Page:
If your program uses API calls for Windows, it won't work on macOS, which has a completely different set of API functions. This is one of the important reasons why Windows applications don't work on macOS or Linux (and vice versa). If you want the same application code written for Windows to run on Linux, you'll have to completely reimplement, recreate from scratch the entire Windows API on Linux, which consists of thousands of complex functions, entities, and concepts: it would mean almost as much work as writing Windows from the ground up, and it took Microsoft thousands of man-years. And if you make one small mistake, or forget to implement even one function that the application needs or it performs differently, your program will crash.

Going back to conversational AI (both voice and text - actually, doesn’t really matter). In reality, when you automate some business process, let’s say, outbound NPS survey, you may call it a voicebot, but it’s just a conversational voice application. Just like your favorite word processor.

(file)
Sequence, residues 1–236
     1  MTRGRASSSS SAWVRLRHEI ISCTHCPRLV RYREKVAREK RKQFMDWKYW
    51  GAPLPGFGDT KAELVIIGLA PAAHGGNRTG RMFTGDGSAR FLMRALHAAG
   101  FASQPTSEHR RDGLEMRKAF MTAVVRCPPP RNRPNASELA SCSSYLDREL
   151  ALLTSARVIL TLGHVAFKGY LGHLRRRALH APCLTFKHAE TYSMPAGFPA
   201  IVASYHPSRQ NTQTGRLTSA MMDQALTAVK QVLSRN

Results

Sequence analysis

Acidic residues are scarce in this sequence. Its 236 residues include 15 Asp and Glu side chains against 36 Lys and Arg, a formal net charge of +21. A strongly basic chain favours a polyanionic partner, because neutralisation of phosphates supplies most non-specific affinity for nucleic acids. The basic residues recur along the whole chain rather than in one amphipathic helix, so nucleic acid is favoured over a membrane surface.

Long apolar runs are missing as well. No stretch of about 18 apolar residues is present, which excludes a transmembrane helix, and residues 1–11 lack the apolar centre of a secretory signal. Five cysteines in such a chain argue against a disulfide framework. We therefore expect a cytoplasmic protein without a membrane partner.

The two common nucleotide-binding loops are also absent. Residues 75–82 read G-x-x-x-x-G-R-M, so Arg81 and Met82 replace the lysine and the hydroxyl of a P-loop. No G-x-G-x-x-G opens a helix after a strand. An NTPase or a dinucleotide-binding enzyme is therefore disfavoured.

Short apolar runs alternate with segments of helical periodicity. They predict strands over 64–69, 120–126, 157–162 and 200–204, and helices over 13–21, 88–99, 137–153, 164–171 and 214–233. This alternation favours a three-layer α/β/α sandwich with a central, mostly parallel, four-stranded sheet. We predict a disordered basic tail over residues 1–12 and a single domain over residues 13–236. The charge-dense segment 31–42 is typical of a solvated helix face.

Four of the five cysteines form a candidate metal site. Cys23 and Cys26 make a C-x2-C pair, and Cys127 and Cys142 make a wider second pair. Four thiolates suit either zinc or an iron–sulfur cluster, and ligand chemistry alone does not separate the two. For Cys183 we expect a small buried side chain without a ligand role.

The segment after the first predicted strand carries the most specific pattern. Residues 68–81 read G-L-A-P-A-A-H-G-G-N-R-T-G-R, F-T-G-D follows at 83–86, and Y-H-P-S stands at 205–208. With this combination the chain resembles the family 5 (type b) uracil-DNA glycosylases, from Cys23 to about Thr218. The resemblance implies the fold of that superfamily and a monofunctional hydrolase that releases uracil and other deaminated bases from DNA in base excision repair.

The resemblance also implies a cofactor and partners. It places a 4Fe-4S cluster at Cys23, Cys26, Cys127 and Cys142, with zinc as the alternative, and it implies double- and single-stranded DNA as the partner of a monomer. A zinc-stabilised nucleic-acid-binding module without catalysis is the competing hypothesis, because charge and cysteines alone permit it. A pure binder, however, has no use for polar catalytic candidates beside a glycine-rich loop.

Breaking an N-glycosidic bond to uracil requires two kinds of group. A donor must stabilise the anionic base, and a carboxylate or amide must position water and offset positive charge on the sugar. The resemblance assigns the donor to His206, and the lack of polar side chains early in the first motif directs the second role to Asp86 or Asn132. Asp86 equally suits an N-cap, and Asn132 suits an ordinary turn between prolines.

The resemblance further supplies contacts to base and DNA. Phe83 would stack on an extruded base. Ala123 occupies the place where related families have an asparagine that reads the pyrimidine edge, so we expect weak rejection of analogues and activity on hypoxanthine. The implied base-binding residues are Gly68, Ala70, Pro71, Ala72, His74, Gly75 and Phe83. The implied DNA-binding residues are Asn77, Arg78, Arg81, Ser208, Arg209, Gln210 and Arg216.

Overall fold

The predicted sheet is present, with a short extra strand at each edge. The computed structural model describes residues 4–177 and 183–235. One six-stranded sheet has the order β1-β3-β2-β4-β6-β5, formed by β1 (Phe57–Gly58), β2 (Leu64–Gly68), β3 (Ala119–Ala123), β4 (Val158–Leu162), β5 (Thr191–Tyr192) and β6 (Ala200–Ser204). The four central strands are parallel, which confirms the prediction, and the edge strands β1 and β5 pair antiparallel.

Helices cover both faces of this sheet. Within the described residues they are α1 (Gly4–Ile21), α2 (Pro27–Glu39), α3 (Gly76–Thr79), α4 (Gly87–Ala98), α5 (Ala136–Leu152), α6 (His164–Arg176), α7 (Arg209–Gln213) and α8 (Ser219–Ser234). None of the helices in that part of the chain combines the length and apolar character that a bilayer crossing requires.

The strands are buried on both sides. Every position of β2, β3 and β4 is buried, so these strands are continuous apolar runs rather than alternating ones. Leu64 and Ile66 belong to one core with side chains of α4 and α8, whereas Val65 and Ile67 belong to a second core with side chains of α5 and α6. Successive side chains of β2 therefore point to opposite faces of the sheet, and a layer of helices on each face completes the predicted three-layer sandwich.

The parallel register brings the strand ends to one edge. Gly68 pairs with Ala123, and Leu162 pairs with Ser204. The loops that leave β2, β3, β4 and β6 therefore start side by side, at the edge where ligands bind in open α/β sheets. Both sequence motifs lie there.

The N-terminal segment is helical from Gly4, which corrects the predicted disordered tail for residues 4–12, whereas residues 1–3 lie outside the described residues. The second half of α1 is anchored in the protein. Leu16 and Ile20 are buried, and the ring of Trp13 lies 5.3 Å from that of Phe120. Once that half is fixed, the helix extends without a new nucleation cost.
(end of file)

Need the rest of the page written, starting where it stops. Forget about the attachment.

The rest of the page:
This means whatever platform you’ve used for creating your conversational application, you are locked in. It will be virtually impossible to switch to another platform vendor without breaking your app. This is called vendor lock-in. Right at the moment it’s not obvious, because as I am writing these words in 2020, penetration of conversational AI in the world is negligible. 

In the future, we’ll see all aspects of customer-facing activity being automated on a human level (i.e. indistinguishable from talking to a real person). It will happen across all industries and functions: sales, customer service, support, marketing, HR, etc. To enable such broad automation, the underlying platform for building these automations should be insanely flexible, providing numerous features to the developers. Yes, the 80/20 rule works here as well, and 80%users will use only 20% of features, but it will be always a different set of features.